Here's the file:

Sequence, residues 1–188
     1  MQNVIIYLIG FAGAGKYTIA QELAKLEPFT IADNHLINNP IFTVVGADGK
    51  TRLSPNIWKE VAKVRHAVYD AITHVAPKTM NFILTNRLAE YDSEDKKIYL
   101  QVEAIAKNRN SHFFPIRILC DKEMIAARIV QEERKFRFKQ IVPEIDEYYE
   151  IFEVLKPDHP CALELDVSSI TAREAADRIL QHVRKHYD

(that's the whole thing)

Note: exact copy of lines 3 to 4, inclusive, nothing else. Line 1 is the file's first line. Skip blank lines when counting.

    51  TRLSPNIWKE VAKVRHAVYD AITHVAPKTM NFILTNRLAE YDSEDKKIYL
   101  QVEAIAKNRN SHFFPIRILC DKEMIAARIV QEERKFRFKQ IVPEIDEYYE